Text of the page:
The first project bond issued to finance a port in Latin America saw investors take full construction risk with no government guarantee or financial guaranty insurance.
Peru’s Terminales Portuarios Euroandinos Paita (TPEP) raised $110 million through a Rule 144A/Reg S offering of senior secured notes due 2037 to fund the expansion of the Port of Paita in the country’s north.
The deal, which closed April 18, is a rare example of an issuer tapping the bond market to fund completion of a project.
“It shows what can be done in project bonds without a wrap,” said DLA Piper partner Gianluca Bacchiocchi who acted for the issuer and sponsors.
The notes being rated BB- by Fitch with a 8.125% fixed coupon for 25 years is also encouraging for similar issuers. “This bond opens up the possibility of doing Rule 144A/Reg S deals without an investment grade rating, and where concessionaires can get long term financing at very attractive rates,” Bacchiocchi said.
Investors’ aversion to construction risk, and the difficulty gaining waivers and amendments from many bondholders, means project bonds are normally limited to refinancing.
In TPEP’s case, construction risk was mitigated through circumstance more than structuring. The reputation of the project’s contractors and engineers, it being a brownfield rather than greenfield development, and ports being at the lesser end of the risk spectrum were considerable factors.
Typical project bond hurdles were also avoided by the notes being the standalone funding for the expansion.
The indenture was also structured to permit future series of pari passu notes, negating the need for a future intercreditor agreement. The fact the issuance contemplates all improvements needed to the port over the next 25 years make the deal somewhat unique, according to Bacchiocchi.
The TPEP issuance appears to be the next step in Peru’s evolution as a regional leader in innovative infrastructure finance methods.
This reputation started with the first use of government-issued CRPAOs (certificados de reconocimiento de pago annual de obras) in the IIRSA toll road projects, followed by the use of a project bond to refinance the Lima airport in 2007, and then the creation of RPICAOs (retribución por inversión certificados de avance de obras) for the Huascacocha and Taboada water projects over the past two years.
The TPEP deal goes beyond these achievements by including construction risk without a wrap.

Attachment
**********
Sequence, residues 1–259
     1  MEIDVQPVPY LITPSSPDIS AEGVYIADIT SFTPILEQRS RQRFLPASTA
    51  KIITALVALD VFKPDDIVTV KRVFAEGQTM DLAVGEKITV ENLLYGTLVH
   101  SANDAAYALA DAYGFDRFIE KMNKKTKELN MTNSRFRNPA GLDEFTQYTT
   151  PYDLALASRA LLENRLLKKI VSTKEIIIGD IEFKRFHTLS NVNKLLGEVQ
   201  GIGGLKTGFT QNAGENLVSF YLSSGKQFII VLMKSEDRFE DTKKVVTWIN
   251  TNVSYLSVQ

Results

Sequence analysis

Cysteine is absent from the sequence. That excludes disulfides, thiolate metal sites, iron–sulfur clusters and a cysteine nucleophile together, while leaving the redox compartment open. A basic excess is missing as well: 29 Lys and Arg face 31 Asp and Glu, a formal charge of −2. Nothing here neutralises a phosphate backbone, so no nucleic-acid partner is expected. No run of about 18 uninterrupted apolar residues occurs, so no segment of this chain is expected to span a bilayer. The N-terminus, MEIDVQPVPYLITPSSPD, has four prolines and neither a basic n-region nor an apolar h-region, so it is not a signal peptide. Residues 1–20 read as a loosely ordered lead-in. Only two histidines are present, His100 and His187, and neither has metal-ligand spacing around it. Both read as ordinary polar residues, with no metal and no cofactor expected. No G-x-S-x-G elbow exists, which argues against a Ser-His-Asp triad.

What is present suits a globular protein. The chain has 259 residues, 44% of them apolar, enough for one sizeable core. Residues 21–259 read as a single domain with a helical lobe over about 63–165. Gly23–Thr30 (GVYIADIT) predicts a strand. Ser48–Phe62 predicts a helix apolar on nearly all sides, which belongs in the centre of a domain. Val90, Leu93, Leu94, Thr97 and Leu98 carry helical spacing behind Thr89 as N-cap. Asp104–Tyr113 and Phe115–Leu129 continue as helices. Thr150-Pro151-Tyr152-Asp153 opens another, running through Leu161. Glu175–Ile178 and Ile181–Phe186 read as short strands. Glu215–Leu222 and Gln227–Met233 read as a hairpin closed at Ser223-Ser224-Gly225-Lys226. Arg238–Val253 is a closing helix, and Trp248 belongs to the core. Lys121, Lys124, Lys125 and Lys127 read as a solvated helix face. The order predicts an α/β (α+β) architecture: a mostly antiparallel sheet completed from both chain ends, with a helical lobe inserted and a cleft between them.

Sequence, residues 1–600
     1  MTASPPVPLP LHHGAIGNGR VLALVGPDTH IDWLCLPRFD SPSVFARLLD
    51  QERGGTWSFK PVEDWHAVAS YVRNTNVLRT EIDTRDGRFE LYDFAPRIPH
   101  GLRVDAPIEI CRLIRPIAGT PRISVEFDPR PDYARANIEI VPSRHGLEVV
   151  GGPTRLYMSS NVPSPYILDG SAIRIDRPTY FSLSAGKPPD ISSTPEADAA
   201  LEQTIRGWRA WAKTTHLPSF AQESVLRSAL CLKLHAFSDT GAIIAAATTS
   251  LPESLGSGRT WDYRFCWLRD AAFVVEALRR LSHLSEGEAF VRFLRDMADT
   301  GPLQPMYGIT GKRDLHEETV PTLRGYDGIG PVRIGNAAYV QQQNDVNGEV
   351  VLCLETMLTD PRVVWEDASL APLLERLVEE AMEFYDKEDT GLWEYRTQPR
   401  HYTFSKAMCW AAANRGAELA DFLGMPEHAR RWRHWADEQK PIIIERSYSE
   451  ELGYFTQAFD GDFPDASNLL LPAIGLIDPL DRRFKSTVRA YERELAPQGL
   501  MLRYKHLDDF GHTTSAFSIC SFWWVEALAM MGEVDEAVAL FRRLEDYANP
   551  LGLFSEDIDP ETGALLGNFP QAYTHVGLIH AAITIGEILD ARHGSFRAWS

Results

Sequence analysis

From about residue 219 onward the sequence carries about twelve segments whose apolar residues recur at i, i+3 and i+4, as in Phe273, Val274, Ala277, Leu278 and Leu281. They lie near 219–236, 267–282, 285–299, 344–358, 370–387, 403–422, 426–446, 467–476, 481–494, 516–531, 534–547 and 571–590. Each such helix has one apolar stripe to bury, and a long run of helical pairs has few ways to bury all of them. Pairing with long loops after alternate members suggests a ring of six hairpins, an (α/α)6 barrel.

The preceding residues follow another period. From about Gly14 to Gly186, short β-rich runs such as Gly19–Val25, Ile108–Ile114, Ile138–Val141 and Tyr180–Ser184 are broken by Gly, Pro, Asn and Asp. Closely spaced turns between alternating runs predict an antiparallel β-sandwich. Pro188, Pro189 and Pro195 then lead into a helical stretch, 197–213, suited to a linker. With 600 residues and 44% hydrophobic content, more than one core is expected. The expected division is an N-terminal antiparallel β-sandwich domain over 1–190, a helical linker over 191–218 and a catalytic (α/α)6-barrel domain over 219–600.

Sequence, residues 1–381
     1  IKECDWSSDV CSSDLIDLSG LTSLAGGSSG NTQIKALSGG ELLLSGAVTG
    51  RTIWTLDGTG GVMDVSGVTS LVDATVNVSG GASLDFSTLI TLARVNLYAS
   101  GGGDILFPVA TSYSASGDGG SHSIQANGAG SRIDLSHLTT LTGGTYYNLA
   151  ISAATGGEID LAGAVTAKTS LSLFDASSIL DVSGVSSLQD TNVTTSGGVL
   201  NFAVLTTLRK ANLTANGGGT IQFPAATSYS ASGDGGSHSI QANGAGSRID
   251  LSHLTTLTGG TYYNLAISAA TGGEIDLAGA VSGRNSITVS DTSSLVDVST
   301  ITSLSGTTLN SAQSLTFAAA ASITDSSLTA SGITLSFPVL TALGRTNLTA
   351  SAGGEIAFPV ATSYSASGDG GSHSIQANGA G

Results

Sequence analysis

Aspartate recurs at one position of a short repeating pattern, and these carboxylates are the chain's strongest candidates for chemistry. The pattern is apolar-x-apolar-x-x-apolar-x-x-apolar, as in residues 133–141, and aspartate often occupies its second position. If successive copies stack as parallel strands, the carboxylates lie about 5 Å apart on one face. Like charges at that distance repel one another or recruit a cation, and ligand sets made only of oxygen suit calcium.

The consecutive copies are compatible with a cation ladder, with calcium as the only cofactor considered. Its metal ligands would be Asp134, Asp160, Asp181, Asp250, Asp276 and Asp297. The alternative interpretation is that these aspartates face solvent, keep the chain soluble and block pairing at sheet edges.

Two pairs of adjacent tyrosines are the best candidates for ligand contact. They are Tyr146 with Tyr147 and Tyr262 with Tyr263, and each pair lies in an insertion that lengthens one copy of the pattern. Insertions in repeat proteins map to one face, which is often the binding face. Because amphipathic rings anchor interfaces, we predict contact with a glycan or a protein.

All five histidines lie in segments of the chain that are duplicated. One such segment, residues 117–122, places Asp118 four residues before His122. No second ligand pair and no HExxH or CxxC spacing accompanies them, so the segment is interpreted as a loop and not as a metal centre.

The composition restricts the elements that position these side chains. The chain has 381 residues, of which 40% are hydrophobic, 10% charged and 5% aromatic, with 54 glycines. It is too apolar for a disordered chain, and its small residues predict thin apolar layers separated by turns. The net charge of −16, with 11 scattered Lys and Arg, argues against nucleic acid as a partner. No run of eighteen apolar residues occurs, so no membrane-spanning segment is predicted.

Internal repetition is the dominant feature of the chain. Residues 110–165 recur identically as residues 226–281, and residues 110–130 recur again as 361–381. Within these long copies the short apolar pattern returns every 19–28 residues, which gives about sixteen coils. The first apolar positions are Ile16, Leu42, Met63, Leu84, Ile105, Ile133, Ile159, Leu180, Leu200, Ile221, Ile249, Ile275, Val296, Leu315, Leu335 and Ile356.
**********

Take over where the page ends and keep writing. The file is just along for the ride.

In addition to the reputation of project participants and the project being a brownfield port development, investors were made comfortable accepting construction risk by demonstrating the minimal repayment risk.
“Even if the construction wasn’t to occur, there was always going to be a certain amount of potential growth and there is a level of profitability at the port,” said Bacchiocchi. Traffic studies and financial models were provided with the offering documents.
The only guarantees were standard EPC (engineering, procurement and construction) guarantees required under the concession agreement. There was no political risk insurance.
Refinancing risk and balloon payments were mitigated by amortising the bonds over their term.
Fitch’s presale report also states that the project has adequate liquidity reserves to service this and future phase construction costs, and incorporates a strong provision to trap cash to pre-fund construction costs of future phases.
Investors’ rights were secured by a pledge over the concessionaire’s shares, restrictions on the transfer of those shares for a stipulated period of time, and a mortgage over the concession which is stipulated by Peruvian port regulations.
Ports being a regulated sector was of assistance, rather than a hindrance to TPEP. There was no difficulty obtaining regulatory approvals, and the operator has prior of knowledge of other port developments in the vicinity which could create competition.
DLA Piper and Estudio Rodrigo Elías & Medrano were international and local counsel, respectively, to the issuer and sponsors. Clifford Chance and Estudio Hernandez served the same roles for underwriter Goldman Sachs. Indenture trustee Citi was advised by SNR Denton and Rubio Leguia Normand.
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